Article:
Tom Brady Quarterback Sneak is Money in the Bank


Tom Brady is more than likely either carrying your entire fantasy football team or ruining everyone in your league’s season on a weekly basis, and Brady picked up right where he left off in Week 5’s “contest” against the Dallas Cowboys.

The Hate Me Now tour rolled through Jerry’s World and embarrassed America’s Team by a final score of 30-6, which no doubt left Jerry Jones and the Cowboys feeling “just about as low as a crippled cricket’s ass” on Sunday.

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This year, Brady has thrown for 1,387 yards, 11 touchdowns, no interceptions, and an overall quarterback rating of 121.5.  He has more passing touchdowns than any quarterback this year not named Carson Palmer or Aaron Rodgers, despite having only played in four games due to the Patriots drawing an early bye in Week 3.

So which of Tom Brady’s secret weapons did the Boston Herald refer to as “…a true marvel of efficiency unseen in any sport” and “the most unstoppable play” in all of football?

Hint: it wasn’t a Rob Gronkowski seam route, or a Julian Edelman ankle-breaking whip route like the one he deployed for the game-winning touchdown in the Super Bowl. It wasn’t even a six-man offensive line with LeGarrette Blount lowering his pads behind them.

Actually, it’s something that more often than not something that fools all of us, because Tom Brady disappears for anywhere between one and five seconds.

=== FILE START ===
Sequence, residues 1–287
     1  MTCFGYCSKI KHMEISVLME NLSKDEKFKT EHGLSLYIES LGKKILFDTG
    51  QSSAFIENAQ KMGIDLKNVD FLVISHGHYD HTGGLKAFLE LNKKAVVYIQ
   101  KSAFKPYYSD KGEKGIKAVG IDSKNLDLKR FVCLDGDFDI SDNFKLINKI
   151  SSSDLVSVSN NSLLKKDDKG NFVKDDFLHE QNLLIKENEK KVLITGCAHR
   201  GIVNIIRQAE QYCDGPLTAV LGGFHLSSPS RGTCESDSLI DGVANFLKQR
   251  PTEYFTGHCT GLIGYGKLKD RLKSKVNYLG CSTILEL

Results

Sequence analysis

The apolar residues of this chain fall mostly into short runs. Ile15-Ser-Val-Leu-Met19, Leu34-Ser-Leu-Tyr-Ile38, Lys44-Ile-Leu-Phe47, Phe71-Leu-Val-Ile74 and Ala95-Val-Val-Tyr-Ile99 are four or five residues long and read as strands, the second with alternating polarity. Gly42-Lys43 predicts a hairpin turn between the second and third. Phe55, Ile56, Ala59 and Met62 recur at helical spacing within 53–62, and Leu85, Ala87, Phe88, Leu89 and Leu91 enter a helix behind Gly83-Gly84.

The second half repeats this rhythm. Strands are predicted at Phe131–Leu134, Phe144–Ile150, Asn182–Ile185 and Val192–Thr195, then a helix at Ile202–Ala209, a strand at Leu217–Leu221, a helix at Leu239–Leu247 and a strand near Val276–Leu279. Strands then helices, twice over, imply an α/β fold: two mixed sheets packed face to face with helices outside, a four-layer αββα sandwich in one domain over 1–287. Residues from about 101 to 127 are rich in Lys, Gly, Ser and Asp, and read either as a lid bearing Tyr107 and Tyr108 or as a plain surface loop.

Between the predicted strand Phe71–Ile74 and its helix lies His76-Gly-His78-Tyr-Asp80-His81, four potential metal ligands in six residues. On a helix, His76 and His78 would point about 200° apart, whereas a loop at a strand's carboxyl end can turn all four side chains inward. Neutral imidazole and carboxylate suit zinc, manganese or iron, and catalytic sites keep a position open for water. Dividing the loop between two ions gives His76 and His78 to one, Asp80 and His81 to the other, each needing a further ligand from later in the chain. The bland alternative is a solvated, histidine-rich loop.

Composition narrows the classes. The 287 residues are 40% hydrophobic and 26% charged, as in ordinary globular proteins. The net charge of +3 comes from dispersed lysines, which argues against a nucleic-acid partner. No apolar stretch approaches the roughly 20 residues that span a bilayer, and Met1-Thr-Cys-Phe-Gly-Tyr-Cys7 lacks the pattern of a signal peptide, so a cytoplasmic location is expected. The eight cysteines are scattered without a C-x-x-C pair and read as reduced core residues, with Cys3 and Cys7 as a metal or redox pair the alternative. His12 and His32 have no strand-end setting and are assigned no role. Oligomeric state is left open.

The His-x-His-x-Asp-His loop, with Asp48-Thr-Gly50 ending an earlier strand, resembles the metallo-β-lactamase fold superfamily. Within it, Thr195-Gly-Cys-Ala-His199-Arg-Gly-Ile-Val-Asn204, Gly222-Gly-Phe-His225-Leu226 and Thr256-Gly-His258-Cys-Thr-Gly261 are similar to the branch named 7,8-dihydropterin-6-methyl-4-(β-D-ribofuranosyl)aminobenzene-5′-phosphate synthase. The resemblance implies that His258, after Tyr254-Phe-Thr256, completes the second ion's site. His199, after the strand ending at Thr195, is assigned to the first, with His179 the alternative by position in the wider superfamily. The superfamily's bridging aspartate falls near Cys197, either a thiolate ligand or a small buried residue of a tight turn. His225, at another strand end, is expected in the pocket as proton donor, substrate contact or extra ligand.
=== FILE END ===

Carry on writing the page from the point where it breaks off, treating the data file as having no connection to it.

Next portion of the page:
The most unstoppable play in all of football is the short-yardage Tom Brady quarterback sneak.

Herald columnist Kerry Byrne, who also runs the drool-worthy stat nerd’s paradise Cold Hard Football Facts, lays it out like this: when the Patriots need 2 yards or less and are facing third or fourth down, Tom Brady has converted 109 or 119 rushing attempts in his career.  Or, if you prefer, he’s converted 91.6% of his short-yardage rushing attempts.

In 2015, Byrne notes, he’s already 5 for 5, and that’s Brady playing behind an offensive line that’s started three different rookies at center and guard (David Andrews, Tre’ Jackson, and Shaq Mason).  One of these was the first touchdown New England scored against the Cowboys after Brady spent most of the first half on his back, compliments of Dallas’s underrated pass rush.

Oct 11, 2015; Arlington, TX, USA; New England Patriots quarterback Tom Brady (12) scores a touch down against the Dallas Cowboys at AT&T Stadium. Mandatory Credit: Erich Schlegel-USA TODAY Sports

Byrne’s overall point is also worth a look: while the Brady quarterback sneak’s ruthlessly effective, the Patriots have also have led the NFL in rushing touchdowns (240), games with two or more rushing touchdowns (70) and postseason rushing touchdowns (29) since…wait for it…2001.

Since 2001, New England has the fifth-most rush attempts in the league, and coincidentally, the fifth-most pass attempts as well. That’s impressive enough in and of itself, but New England’s perpetual lack of a “feature back” since Corey Dillon in the early 2000s makes the effectiveness of the Patriots run game borderline shocking.

With a ground game like that to go with one of the game’s best quarterback, where could that come in handy?

Next stop: the Snitches Get Stitches Bowl.

Next: Five Stars from Patriots vs. Cowboys

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